I love guns. Always had a fondness for the things as a kid. Loved cowboy movies that glamorised them all. Overall, I was a destructive child.
Till date, the only actual guns I fired were from Dad’s air rifle. Didn’t do too much damage. I remember when we cousins used to spend the holidays in the estate, we used to line up Grandma’s Pond’s Cold Cream packs against the coffee drying yard walls and fire away. Papayas up on the tree used to be another favourite target with the air gun. In the end, we always ended up with curses from those at home. Fortunately none of us got shot in the foot.
I always wanted to fire the shotguns that lay around the house, just out of reach of our eager hands. We were frightened into accepting the fact that we could dislocate a shoulder or an empty case may fly out into our eyes while firing. The slight fear remained.
Dad finally allowed me to fire his shotgun on the third afternoon of my stay. The old British era shotgun is a classic and real heavy duty as it can rip through a wild boar. With Monkeys roaming around during coffee season near the bungalow and picking on the ripened coffee, we had to ply some fear into this menace.
Fed up with seeing monkeys around the place, Dad finally allowed me to load and carry the shotgun. We entered the thickly forested part of the estate where the monkeys are known to make their home. However the monkeys have learnt to identify armed individuals as they keep dodging bullets from estate to estate.
Standing still, immediately instils fear in the monkey rather than the opposite. This pause is taken as a fact that the person is taking aim to shoot and they never tolerate a person standing still. As a shooter, if you need to stand still, then the approach should be as silent. I made two basic mistakes that a hunter should not. I moved around quite a bit and went on and on about getting the right shot and whether I was holding the gun right as I took tips from dad.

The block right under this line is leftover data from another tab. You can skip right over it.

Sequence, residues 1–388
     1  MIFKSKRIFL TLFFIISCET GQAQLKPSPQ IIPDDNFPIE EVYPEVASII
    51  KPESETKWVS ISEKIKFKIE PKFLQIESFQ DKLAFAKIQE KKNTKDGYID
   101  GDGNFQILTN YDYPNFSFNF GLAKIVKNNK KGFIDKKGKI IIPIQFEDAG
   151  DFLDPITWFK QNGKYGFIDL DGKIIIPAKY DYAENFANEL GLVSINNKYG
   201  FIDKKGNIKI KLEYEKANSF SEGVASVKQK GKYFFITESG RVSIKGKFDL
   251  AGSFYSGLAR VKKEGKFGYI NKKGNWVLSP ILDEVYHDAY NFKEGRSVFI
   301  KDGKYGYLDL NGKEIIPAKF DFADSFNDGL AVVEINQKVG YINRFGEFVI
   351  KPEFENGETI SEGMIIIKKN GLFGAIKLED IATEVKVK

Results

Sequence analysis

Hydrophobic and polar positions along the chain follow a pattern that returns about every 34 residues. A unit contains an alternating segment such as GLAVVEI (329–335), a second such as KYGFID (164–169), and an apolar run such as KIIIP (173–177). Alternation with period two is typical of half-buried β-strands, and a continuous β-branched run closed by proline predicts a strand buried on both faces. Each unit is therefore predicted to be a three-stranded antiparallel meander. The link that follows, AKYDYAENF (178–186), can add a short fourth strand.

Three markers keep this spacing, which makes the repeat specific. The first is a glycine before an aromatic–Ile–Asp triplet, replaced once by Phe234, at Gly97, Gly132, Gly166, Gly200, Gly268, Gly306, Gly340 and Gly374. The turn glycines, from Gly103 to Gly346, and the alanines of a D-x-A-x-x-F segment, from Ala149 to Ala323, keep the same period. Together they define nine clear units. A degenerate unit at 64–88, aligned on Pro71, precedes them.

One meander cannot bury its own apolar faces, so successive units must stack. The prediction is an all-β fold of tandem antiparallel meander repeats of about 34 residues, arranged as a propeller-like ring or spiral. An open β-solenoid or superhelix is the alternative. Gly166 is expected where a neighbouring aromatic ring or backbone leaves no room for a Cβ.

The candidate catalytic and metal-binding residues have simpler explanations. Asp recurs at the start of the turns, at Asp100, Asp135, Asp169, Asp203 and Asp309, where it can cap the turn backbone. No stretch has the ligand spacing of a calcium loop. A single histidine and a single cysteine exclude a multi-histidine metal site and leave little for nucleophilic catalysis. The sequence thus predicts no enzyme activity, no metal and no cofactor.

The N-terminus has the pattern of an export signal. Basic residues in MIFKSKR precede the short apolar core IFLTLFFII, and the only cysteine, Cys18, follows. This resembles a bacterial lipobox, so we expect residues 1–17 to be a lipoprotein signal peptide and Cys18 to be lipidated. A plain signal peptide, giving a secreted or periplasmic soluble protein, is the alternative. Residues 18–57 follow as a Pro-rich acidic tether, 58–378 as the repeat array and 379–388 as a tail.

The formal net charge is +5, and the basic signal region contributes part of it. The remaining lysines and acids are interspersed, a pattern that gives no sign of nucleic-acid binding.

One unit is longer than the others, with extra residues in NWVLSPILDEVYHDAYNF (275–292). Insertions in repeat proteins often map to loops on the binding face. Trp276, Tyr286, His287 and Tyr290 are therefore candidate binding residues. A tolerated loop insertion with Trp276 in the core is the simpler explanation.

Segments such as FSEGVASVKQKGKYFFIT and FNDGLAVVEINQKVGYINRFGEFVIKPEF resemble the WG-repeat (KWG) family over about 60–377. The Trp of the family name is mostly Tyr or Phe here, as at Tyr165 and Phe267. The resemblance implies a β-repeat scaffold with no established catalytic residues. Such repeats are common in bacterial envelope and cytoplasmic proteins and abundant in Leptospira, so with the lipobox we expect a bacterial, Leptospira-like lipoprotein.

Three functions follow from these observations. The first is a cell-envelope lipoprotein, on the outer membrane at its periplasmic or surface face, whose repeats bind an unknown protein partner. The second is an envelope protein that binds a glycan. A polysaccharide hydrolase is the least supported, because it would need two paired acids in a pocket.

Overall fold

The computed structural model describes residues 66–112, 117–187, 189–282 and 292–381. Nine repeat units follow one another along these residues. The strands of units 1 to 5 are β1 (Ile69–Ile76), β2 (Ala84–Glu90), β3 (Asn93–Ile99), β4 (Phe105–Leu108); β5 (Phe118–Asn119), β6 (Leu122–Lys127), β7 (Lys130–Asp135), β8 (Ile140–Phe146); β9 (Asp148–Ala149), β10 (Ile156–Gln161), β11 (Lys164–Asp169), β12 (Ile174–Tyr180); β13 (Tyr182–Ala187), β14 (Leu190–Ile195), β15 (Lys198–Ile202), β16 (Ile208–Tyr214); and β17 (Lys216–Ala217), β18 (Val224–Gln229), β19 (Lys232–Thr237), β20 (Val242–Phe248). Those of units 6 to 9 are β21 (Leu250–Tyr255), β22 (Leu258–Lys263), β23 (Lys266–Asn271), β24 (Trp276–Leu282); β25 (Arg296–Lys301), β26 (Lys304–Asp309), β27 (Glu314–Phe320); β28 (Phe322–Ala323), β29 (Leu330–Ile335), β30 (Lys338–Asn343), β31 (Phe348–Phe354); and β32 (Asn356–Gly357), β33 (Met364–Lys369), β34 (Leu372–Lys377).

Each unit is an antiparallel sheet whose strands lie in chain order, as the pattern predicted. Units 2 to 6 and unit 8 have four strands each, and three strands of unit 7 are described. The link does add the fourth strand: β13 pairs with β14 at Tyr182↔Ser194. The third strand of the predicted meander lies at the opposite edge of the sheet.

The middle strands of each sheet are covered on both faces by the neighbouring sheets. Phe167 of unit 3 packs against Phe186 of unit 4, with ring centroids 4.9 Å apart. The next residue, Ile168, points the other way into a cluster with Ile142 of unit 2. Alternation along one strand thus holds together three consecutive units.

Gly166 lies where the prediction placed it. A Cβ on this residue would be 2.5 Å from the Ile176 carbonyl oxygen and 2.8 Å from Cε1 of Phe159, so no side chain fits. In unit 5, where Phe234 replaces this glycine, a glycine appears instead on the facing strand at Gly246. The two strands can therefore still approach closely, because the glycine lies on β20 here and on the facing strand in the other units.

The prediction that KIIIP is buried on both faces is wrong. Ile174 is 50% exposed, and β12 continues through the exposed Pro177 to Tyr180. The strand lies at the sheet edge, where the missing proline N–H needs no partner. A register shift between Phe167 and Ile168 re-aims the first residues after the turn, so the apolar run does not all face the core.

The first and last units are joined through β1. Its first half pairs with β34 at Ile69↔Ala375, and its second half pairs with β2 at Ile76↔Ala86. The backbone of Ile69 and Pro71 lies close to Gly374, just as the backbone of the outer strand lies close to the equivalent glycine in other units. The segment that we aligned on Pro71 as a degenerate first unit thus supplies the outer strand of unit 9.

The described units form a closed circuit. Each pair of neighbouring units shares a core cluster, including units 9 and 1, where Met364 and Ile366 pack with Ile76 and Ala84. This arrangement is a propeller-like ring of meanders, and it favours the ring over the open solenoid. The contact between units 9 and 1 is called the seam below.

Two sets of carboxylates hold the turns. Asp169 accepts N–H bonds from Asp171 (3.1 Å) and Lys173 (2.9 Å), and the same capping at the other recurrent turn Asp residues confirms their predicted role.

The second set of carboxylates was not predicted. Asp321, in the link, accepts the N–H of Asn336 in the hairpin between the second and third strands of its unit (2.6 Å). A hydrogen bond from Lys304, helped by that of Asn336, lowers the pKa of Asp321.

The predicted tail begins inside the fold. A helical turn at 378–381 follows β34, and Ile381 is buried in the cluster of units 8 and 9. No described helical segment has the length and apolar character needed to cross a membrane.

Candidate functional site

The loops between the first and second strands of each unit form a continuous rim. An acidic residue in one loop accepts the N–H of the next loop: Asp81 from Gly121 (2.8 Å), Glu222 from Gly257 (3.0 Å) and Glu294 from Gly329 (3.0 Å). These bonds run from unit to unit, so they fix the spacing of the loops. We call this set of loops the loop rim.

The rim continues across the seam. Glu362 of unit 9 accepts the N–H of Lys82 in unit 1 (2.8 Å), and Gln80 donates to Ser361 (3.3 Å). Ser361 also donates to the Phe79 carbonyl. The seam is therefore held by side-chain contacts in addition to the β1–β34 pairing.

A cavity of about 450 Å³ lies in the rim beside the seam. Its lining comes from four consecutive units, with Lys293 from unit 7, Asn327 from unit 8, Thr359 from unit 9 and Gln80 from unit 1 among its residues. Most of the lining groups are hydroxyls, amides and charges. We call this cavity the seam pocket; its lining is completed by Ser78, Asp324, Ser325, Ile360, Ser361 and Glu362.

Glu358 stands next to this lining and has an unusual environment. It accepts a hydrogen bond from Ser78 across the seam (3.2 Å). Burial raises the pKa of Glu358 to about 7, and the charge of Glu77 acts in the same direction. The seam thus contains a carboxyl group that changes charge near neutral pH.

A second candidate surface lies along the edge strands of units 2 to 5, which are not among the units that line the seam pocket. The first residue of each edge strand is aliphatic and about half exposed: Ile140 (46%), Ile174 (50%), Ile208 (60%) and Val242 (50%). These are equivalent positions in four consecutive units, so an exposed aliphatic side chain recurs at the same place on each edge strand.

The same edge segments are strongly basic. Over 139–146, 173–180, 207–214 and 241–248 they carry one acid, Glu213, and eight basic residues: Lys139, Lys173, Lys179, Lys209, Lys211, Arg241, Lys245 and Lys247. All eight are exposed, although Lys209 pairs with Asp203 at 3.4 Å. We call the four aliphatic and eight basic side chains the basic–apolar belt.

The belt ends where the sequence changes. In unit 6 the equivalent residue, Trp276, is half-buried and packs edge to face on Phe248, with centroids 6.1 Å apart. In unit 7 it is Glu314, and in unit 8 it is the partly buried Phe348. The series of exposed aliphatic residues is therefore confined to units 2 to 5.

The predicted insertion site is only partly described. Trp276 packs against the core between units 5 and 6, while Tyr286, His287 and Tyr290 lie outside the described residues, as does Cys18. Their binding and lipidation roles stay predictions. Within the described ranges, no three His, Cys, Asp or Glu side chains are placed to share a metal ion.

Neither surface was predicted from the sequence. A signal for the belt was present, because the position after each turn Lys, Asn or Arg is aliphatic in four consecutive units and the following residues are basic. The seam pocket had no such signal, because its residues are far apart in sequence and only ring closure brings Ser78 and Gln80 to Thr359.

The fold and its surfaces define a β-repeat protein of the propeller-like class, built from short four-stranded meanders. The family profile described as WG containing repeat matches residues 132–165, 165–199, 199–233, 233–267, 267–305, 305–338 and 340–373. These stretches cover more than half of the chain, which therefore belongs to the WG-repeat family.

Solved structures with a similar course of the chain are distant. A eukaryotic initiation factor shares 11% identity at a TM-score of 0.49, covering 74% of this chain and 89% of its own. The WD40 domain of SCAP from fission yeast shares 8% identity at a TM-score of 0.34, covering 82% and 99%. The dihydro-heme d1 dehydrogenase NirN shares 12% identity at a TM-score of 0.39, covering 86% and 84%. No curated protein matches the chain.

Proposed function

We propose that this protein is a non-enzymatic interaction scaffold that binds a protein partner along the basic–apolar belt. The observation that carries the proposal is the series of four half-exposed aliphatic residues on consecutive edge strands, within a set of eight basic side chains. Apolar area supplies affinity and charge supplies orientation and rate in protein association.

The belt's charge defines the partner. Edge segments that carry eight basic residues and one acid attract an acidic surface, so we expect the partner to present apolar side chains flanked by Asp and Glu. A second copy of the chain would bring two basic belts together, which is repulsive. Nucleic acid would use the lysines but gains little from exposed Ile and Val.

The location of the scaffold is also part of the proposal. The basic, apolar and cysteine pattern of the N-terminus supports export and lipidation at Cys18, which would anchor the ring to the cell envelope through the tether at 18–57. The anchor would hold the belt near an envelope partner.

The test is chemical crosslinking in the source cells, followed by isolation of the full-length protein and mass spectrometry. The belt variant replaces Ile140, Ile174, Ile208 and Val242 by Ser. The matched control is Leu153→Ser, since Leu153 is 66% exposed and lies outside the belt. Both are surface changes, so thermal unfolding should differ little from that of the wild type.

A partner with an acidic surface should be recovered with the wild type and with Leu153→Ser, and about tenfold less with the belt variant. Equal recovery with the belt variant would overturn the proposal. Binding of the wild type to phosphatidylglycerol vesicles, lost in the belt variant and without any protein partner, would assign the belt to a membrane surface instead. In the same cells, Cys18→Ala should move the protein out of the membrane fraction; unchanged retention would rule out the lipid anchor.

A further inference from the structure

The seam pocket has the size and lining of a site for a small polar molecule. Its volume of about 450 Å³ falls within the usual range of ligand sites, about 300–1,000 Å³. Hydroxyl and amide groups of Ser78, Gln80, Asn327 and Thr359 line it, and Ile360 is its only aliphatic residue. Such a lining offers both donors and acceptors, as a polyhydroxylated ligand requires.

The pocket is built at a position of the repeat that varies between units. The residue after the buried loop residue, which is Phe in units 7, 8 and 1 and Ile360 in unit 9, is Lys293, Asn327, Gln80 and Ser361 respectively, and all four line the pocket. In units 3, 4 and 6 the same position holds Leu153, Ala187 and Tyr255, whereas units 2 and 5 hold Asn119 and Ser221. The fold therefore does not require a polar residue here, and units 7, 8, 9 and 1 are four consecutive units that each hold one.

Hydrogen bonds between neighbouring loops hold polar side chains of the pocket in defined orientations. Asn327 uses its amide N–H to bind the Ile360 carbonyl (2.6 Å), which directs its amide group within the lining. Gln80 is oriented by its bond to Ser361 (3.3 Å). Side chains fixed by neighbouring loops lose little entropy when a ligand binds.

Dad must have known, nothing would come off it, but as I raised my gun against my left shoulder and had the monkey in my sights, the adrenaline kicked in. The monkeys kept moving around, but I knew I had to squeeze in a shot. Impatience too got the better of me. I did wait for a good five minutes before I thought I had a clear shot. I pressed the trigger.
The kick from the gun was not as bad as I expected. The shot was loud and almost like a splattering of gun powder that comes out of a muzzle loader. The leaves in the branches quivered and I saw a monkey falling down.
No, I did not get the monkey. It was just a temporary loss of balance that the monkey had on hearing the shot. Dad saw my crestfallen face and said, don’t worry, it was a baptism by fire. He was being polite.
There is a thrill when the shot rings out and the butt kicks in and I now understand why the gun nuts in US from the NRA love shooting. I love it too and I wish there was something like the NRA promoting the same here. Dad told me to go to the civilian defence range and fire away once I am in Bangalore. Got to get my arse over there definitely, wonder if they still take in civilians despite the name.
As I type this post, I am getting ready for my next round of hunting. I need to get a dead monkey on my back.
(The photographs featured in this post are the sole property of the author of this blog)